Asian Institute of Gastroenterology, India
Received December 23rd, 2016-Accepted March 12th, 2017
Aim and introduction Brachial artery flow mediated dilatation is an index of nitric oxide-dependent endothelial function that is impaired in patients with type 1 and 2 diabetes mellitus. We studied whether there is endothelial dysfunction in diabetes mellitus type IIIc and chronic pancreatitis as compared to normal. Materials and methods We analysed flow mediated dilatation in 31 patients with type IIIc diabetes mellitus (Group A), 34 patients with chronic pancreatitis only (Group B) and 33 age and sex matched controls (Group C) along with history of alcohol or smoking. We also studied flow mediated dilatation in respect to pancreatitis disease phenotype and diabetes mellitus status as evaluated by HbA1c. Results There was a statistically significant difference between groups as determined by oneway ANOVA (F (2, 95) = 68.1, p value 0.0001). A Tukey post hoc test revealed that the mean flow mediated dilatation was statistically significantly lower in group A (2.74±1.28) compared to group B (4.39±1.90) and group C (8.31±2.51, p<0.01). There was statistical difference between group B and C (p<0.01). Mean flow mediated dilatation was significantly lower in alcohol related chronic pancreatitis compared to idiopathic chronic pancreatitis (2.04±0.68% vs. 3.92±1.10%; p<0.05) than controls who are smokers (7.55±1.51%; p value 0.01). Mean flow mediated dilatation was significantly lower in alcohol related chronic pancreatitis (3.15±1.43%) and idiopathic chronic pancreatitis (4.35±1.83%) than controls who are not smokers (8.88±2.97 %; p value <0.01). Conclusion Endothelial dysfunction as assessed by flow mediated dilatation was significantly impaired in chronic pancreatitis and type IIIc diabetes mellitus. Also, there was significant impairment in endothelial dysfunction in alcohol related chronic pancreatitis and those who continue to smoke.
Diabetes Mellitus; Pancreatitis
CP chronic pancreatitis; DM diabetes mellitus; FMD flow mediated dilatation
Brachial artery flow mediated dilatation (FMD) has been to be reduced in patient having endothelial dysfunction in cases of atherosclerosis, coronary artery disease and DM . FMD evaluates the function of vascular endothelial cells, and reduced FMD is a predictive factor for major vascular complications including cardiovascular diseases . Adults with type 1 and type 2 DM were reported to have decreased FMD [3, 4]. Interestingly, endothelial dysfunction may precede the development of DM. In this regard healthy non- diabetic subjects who have first degree relative with type II DM display impaired endothelium dependent vasodilatation as well as increased plasma markers of endothelial cell activation .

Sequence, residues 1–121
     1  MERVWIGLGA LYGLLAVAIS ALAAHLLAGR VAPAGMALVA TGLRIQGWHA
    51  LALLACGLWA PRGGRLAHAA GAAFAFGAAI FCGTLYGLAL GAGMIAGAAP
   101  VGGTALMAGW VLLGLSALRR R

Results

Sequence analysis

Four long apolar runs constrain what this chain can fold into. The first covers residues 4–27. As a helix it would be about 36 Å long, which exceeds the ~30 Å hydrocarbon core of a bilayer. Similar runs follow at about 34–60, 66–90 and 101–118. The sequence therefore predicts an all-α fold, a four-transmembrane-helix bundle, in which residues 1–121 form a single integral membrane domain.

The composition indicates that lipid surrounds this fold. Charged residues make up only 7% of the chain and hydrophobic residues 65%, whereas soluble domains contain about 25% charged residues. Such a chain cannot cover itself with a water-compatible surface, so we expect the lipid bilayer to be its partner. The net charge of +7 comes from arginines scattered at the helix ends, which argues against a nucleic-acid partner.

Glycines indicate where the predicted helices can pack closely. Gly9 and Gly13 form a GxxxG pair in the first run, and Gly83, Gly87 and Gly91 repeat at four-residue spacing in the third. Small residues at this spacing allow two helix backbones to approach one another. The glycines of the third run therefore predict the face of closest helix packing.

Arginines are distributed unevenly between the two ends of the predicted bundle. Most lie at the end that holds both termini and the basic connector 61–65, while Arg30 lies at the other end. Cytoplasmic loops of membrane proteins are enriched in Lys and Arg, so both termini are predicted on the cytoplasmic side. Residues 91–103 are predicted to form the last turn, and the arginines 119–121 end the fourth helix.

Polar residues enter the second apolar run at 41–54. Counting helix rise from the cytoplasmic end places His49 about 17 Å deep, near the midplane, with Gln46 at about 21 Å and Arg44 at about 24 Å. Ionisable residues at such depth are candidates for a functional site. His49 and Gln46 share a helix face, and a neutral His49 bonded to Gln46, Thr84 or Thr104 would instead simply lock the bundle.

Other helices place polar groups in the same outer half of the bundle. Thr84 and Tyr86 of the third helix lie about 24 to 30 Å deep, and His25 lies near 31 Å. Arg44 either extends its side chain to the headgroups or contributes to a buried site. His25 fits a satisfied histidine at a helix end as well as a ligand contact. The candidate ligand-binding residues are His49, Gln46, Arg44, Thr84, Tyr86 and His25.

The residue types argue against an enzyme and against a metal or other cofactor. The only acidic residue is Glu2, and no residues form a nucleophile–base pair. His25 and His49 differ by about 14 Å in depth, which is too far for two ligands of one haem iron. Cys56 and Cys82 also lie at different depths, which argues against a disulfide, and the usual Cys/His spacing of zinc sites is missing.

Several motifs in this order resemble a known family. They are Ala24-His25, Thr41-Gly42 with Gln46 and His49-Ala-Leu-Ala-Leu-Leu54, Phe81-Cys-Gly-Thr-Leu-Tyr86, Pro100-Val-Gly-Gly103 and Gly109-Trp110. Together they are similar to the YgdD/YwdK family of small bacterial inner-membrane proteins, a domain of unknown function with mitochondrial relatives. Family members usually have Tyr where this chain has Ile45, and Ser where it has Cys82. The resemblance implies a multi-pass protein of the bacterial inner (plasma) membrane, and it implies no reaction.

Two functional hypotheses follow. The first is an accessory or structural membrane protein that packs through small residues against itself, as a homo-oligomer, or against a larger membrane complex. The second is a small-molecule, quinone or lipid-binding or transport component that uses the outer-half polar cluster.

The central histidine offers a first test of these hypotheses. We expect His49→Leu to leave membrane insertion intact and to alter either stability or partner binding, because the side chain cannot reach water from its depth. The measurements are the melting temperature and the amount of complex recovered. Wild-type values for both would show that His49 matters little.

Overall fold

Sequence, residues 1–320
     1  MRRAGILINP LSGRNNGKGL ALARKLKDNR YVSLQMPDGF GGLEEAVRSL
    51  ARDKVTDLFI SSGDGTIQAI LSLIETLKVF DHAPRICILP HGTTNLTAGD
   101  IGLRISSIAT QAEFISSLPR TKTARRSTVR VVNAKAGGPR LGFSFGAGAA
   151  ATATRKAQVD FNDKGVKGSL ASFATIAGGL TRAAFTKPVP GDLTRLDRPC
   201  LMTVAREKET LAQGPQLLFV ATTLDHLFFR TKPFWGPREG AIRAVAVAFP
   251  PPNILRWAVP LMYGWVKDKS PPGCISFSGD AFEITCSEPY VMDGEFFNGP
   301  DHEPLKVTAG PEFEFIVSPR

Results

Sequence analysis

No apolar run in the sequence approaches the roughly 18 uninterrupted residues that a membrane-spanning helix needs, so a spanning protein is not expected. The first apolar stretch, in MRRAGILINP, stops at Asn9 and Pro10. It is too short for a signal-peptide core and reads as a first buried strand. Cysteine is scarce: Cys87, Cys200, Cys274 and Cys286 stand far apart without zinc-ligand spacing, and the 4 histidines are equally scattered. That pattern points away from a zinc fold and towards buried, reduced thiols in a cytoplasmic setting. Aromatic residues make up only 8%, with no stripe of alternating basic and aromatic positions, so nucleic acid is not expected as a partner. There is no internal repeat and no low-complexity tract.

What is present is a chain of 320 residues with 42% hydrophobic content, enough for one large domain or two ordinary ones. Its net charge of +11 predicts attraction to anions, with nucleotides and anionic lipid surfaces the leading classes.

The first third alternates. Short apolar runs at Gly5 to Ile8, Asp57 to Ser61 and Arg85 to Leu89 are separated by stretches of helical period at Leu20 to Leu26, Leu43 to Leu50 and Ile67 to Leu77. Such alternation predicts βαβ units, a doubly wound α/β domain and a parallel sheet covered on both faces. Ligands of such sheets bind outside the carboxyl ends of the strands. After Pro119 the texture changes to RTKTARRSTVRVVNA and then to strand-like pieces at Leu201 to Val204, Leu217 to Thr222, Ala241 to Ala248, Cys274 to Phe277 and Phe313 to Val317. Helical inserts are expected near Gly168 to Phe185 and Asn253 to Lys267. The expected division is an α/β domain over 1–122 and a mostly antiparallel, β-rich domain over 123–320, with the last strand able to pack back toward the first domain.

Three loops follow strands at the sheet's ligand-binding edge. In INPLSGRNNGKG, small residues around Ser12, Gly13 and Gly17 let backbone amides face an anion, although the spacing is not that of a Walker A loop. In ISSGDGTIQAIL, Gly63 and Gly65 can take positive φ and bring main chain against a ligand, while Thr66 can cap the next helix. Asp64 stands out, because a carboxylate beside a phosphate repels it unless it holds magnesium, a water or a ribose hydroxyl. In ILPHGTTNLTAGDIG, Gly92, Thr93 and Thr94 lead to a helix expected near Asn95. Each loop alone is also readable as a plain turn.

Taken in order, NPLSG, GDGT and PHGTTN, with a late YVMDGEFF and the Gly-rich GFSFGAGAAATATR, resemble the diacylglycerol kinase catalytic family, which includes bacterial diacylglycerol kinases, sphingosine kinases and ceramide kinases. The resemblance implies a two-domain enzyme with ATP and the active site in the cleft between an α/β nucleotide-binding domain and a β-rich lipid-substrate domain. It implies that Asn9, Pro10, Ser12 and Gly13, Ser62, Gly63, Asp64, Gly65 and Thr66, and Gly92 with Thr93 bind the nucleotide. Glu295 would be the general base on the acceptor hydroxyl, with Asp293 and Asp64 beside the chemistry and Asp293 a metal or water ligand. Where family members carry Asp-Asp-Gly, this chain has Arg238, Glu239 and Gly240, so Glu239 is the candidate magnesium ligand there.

However, there are no studies which studied endothelial function in the form of FMD in type IIIc DM or chronic pancreatitis (CP). We aimed to study brachial artery flow mediated dilatation as a marker for endothelial dysfunction in patients with DM associated with chronic pancreatitis and CP without DM, in comparison to normal controls. We also studied FMD in relation to etiology of pancreatitis either alcohol or idiopathic, history of smoking along with pancreatic disease phenotype and status of DM.
After approval from Institutional review board, a total of ninety eight individuals were included in this prospective cross sectional observational study, after taking informed consent. All subjects in study were included from Medical Gastroenterology OPD at Asian Institute of Gastroenterology, Hyderabad.
A total of 143 patients were screened for study, out of which 45 patients were excluded. Consort diagram is depicted in Figure 1. Patients with acute exacerbation of chronic pancreatitis, infected fluid collections, active sepsis, hypertension, dyslipidaemia, coronary artery disease, pregnancy, post pancreatic surgery, pancreatic or extra pancreatic malignancy or severe co-morbidity including chronic liver disease were excluded from study. A total of ninety eight individuals were included in the study and divided into three groups. Group A included subjects with chronic pancreatitis with type IIIc DM; group B included subjects with chronic pancreatitis without IIIc DM; group C included subjects without CP or DM.
Chronic pancreatitis was diagnosed by presence of typical history of recurrent pancreatic pain and imaging evidence showing PD dilatation, PD stricture and calcification ductal and/or parenchymal. DM was diagnosed as per criteria proposed by ADA . Type IIIc DM was differentiated from Type I and type II by clinical history and anti- GADD or c-peptide whenever necessary . Demographic and clinical profile of enrolled patients was noted. All included patients were subdivided according aetiology of pancreatitis either alcohol related or idiopathic; also history of smoking was noted. Pancreatic disease phenotype was noted as exocrine, endocrine insufficiency, parenchymal or ductal calcification, and pancreatic ductal or common bile duct stricture and associated pancreas divisum. Pancreatic pain characteristics were noted as Izbicki’s score  and painDETECT . Clinical and laboratory data of patient with DM was collected which included duration of diabetes mellitus, HbA1c. Controls were selected from Medical gastroenterology OPD who were diagnosed as functional bowel diseases, either acid peptic disease or irritable bowel syndrome with adequate matching for history of smoking and alcohol.
The brachial artery FMD assessment was performed once in all included patients using 7.5 MHz phased array linear transducer attached to HP Sonos 5500 echocardiography machine. Smoking was prohibited for at least four hours before test. The sphygmomanometer cuff was tied in the right arm with the patient in supine position. The brachial artery was imaged in the antecubital fossa and its diameter was measured. Brachial artery was then occluded with the sphygmomanometer cuff inflation to at least 50mm Hg above systolic blood pressure for five minutes. Brachial artery diameter was measured again at one minute after deflation to assess FMD. FMD was calculated as percentage change in brachial artery diameter at 1 minute.
FMD = (Brachial artery diameter at 1min – Baseline diameter) × 100/Baseline diameter